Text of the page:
Biogerontology: How A Compost Heap In Bristol Gave Rise To The Science Of Aging

Changing just one gene increased the longevity of a worm ten-fold. Image credit: Heiti Paves/

The cosmetic and wellness industries are rife with products making bold anti-aging claims, and it can be difficult to navigate which are worth your money and which are just expensive moisturizers. Goop is a brand that often comes under fire for making unscientific claims about the benefits of keeping a crystal egg in places where one should never keep a crystal egg, or steaming your vagina like broccoli.

Aging and its prevention are however backed by some legitimate science – in fact, it even has its own name. “Biogerontology is the biological aspect of the study of ageing, known as gerontology,” said author Andrew Steele who wrote Ageless: The New Science of Getting Older Without Getting Old, in an email to IFLScience. “Gerontology covers all kinds of things, from health to social factors that change as we age, and the biological side is concerned with understanding – and potentially treating – the cellular and molecular underpinnings of ageing process.”

As Steele's book explains, the emergence of this branch of science had an unexpected hero who was extracted from a heap of compost back in 1951. Nobel laureate Sydney Brenner was on the hunt for a model species that might offer up some easily digestible insights into neural development. The answer came in a form of a nematode, a kind of worm. Brenner dug one variety out of the earth in his garden in Cambridge but ran auditions to find the perfect model specimen for his studies. He eventually settled on a Bristol strain, Caenorhabditis elegans, better known (if this scandalous Twitter debate is anything to go by) as C. elegans.

“One reason that C. elegans are such a useful organism for ageing studies is that they don't live very long,” wrote Steele. “The ‘normal’ strain of C. elegans, known as N2, grows up, reproduces and dies in about two weeks, which makes doing experiments vastly quicker than it could be in humans – you can get your results in a fortnight, rather than waiting fifty years for your subjects to start dying!” 

Having such a short life cycle to play with, the scientists began firing what Steele calls “a chemical blunderbuss” into the worms’ DNA to see how – or if – it affected longevity, but early investigations were a bit hit and miss. Eventually, these genetic screens uncovered some relevant areas of the genome which altered the worms’ life expectancy.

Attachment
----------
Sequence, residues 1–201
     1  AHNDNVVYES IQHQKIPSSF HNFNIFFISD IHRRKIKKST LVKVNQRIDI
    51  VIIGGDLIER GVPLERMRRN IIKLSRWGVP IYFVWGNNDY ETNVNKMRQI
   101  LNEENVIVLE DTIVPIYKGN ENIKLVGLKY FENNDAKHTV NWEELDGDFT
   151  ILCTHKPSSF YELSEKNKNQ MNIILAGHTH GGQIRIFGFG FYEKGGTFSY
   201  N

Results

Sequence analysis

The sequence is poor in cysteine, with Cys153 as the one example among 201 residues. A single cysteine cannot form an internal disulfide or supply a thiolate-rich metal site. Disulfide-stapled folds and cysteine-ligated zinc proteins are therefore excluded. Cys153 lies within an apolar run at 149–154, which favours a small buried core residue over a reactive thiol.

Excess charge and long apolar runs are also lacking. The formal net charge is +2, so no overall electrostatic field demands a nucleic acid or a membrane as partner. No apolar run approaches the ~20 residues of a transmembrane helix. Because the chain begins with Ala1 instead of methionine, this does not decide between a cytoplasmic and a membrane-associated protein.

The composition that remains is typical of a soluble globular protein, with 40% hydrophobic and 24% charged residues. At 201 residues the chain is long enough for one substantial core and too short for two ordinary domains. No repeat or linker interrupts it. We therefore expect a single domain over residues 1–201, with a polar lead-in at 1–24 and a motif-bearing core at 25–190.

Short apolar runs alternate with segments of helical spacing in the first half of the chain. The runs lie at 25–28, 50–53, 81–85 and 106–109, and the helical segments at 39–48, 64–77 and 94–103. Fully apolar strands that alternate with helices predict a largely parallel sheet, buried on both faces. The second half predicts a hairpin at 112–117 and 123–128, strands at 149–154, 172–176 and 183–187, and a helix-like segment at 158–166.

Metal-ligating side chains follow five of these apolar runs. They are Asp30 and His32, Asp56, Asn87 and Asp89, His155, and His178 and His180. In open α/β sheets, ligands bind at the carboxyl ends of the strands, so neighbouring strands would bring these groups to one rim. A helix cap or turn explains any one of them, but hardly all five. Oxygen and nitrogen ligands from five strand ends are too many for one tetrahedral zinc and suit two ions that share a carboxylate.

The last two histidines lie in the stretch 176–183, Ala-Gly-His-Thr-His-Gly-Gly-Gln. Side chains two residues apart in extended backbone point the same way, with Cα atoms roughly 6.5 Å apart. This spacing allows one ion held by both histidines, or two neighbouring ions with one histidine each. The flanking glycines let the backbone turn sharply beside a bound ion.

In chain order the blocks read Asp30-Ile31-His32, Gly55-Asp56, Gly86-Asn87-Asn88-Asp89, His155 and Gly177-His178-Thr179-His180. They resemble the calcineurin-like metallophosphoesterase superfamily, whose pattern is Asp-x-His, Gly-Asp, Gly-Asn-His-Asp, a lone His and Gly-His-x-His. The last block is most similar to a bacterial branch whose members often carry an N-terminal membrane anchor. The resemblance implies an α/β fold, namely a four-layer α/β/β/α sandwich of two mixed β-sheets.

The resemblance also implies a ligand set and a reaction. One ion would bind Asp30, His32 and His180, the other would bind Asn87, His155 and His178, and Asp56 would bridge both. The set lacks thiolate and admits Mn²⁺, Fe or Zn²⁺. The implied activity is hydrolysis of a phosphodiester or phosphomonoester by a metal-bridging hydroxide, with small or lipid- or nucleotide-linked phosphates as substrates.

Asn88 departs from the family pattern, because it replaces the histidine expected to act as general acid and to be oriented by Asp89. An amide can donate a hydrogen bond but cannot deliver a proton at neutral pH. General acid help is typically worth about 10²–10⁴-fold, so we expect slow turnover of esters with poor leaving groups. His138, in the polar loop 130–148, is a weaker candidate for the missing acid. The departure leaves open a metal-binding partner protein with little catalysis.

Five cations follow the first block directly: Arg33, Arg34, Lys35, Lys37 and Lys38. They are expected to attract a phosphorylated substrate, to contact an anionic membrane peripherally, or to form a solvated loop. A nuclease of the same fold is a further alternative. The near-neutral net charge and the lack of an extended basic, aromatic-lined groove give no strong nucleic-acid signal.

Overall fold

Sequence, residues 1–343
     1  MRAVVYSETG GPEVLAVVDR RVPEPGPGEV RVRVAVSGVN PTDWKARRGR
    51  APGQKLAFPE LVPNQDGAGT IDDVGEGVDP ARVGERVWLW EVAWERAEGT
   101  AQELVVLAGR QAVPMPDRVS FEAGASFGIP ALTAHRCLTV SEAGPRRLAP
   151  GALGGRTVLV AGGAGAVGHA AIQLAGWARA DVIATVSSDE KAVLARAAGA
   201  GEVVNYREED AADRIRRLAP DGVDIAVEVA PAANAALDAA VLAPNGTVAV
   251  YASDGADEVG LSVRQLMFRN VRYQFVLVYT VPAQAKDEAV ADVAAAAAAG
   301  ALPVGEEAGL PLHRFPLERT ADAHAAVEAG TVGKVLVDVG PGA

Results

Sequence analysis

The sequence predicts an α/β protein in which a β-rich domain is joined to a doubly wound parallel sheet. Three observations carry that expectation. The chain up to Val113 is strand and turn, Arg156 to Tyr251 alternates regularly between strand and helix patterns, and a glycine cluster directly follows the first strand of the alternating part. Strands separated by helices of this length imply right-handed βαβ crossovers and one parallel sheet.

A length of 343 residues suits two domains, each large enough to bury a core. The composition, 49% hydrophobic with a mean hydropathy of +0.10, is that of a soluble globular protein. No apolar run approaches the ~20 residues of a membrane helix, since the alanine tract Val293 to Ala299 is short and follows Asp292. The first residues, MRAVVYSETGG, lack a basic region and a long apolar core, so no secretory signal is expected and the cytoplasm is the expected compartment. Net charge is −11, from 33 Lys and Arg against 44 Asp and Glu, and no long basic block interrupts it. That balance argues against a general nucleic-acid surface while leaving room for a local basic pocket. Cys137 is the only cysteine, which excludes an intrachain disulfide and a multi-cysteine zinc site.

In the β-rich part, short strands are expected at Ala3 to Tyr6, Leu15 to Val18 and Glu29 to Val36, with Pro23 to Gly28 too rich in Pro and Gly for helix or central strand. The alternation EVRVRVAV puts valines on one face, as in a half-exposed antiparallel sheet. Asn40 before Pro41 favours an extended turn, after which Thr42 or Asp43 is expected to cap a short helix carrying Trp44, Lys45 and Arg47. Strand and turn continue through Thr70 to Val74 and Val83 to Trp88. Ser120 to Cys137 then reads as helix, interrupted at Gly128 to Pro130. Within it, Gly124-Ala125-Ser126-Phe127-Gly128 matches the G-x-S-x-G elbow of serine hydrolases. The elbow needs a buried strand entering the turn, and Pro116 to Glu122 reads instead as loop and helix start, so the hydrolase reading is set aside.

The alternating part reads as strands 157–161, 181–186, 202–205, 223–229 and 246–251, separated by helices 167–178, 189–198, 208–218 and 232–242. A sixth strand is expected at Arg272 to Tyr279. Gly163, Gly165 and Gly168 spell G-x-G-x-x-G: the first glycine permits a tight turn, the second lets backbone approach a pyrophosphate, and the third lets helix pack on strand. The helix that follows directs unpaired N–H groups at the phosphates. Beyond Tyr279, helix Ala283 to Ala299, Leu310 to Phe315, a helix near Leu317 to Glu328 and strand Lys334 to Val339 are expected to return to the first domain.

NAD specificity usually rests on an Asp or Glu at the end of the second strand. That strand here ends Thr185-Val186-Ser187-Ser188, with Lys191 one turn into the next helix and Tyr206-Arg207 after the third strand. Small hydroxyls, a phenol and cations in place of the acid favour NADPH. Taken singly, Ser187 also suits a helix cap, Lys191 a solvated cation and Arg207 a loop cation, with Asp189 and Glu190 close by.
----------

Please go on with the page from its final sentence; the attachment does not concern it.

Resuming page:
“The first of these, for obvious reasons, was christened age-1, and the variation that was discovered added about 50% to worm longevity,” said Steele. “After a couple of decades of intervening discoveries, there’s a beautiful symmetry: the current reigning champion for worm lifespan is a different mutation of the same age-1 gene, which makes worms live ten times longer – 1000%! – which is a particularly remarkable increase considering the change responsible for it involves swapping just a single letter in the worms’ genetic code.”

Despite our differences, this "model organism" shares a common ancestor with humans and, as a result, some of the kit found under their genetic hood has been conserved beneath our own. This means that lessons learned from geriatric worms do actually have a significant impact on human biology.

“The age-1 gene is part of the ‘insulin signalling pathway’, the mechanism by which cells detect insulin levels in the body,” continued Steele. “We’ve also found mutations in insulin signalling genes in humans who survive to exceptional ages, often in a gene called FOXO3 which has particular variants commonly observed in people who live to 100 and beyond.

“Sadly, these variants don’t seem to have the same spectacular tenfold lifespan multiplier in people as worms! However, there are some single-gene mutations in people can add years to life – and it’s arguably in decent part thanks to inspiration from C. elegans that we even imagined you could have a ‘longevity gene’ in the first place.”



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